The Xperia Z vs. the Xperia X (or is it the Xperia Z vs. the Xperia ZL?)
As recently as December 29, 2012, the Yuga and the Odin were expected to be released as the Xperia Z and the Xperia X respectively. Just after the ball dropped in Times Square however, press images were pulled out from hiding on Sony's website by Engadget, tagging the Yuga as the Xperia Z and the Odin as the Xperia ZL. Other than slightly differing chassis designs, the two phones are expected to be virtually identical, aside from the rumored dual-sim capability of the ZL (Odin).
I did a side-by-side comparison of the two phones, showcasing the differing chassis despite both having virtually identical displays aligned by the purple background I included. Neither of the images was resized, as both were taken from Engadget's source links on Sony's website. I found the Odin (on the right) to have the slightly more attractive design, since it has smaller top and bottom bezels.
Two Xperias against the world
As I said at the outset, the two new Xperia phones are part of a global wave of phones with 5-inch 1080p displays powered by the quad-core Snapdragon S4 Pro APQ8064 chipset that started with the Chinese-made Oppo Find 5 last fall. Also part of this wave are HTC's J Butterfly, Droid DNA, and Butterfly (global) phones. This list is expected to be joined shortly by LG's Optimus G2 and HTC's M7, but excludes similar Snapdragon S4 Pro phones that have "only" 720p displays like Xiaomi's Mi-Two and LG's Optimus G and Nexus 4 phones. Moreover, all of these phones have 2 GB of RAM, as Sony's new phones are expected to.
With Oppo, HTC, Sony, and LG (rumored) all making phones with identical CPUs and nearly identical 5-inch 1080p screens, each manufacturer will have to find a new way to differentiate itself from the others. In past years, the "skin" each manufacturer places over Android has been the main difference between similarly-specced phones. The overlays weren't the only differences though - there was more diversity among CPUs and displays between each OEM's flagship phone.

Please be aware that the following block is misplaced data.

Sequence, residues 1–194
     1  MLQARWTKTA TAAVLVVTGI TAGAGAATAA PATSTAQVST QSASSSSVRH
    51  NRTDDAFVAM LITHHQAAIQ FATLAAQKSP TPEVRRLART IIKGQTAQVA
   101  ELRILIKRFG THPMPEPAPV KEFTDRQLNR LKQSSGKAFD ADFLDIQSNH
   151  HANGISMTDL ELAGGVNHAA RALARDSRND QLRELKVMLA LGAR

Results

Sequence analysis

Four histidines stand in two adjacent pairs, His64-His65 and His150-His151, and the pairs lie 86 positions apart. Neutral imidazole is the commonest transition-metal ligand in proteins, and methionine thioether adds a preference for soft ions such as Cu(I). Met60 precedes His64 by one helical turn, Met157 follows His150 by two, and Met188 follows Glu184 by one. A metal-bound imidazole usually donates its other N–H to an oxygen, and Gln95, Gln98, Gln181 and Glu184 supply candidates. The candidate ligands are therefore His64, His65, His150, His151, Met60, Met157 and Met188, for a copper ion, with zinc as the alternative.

Now, though, the same Snapdragon S4 Pro chipset is used by at least 9 flagship phones being released within a three to four-month window, six of which either have been or soon will be powering nearly identical 1080p displays. The playing field is leveling out in terms of CPU and display, so manufacturers will need to compete in other hardware areas in addition to their varying Android skins. Camera and chassis design are emerging this year as two of the most important hardware difference-makers.
Sony's two new Xperia phones are expected to feature the Exmor RS sensor in their 13 MP cameras (by contrast, the DNA/Butterfly/J Butterfly have 8 MP cameras sans the Exmor RS sensor, though Sony did share its camera hardware with Oppo). Put in the simplest terms, the Exmor RS sensor is a "stack" of CMOS sensors that make it possible to fit a higher-resolution camera into a thinner phone chassis. In the gallery below, you can see the telltale bulge of high-megapixel cameras on the HTC One series, the Samsung Galaxy S III and Sony's own Xperia T in contrast to the svelte cameras on the Oppo Find 5 and Xperia Z.
telltale bulges in rear cameras for the HTC One X, the Galaxy S III and the Xperia T
svelte Exmor RS 13-megapixel cameras on the Oppo Find 5 and the Xperia Z (Yuga)
As to the image quality afforded by the Exmor RS sensor in the 13-megapixel cameras on the Oppo Find 5 and the new Xperia phones, I present the gallery below (there are also 8-megapixel Exmor RS sensors, but 8 MP is sooo 2012, right?):
Camera samples taken by the Oppo Find 5's Sony-built 13 MP Exmor RS sensor via PhoneArena
Camera sample purportedly taken from the 13 MP Exmor RS sensor on the Xperia ZL (Odin) via Phandroid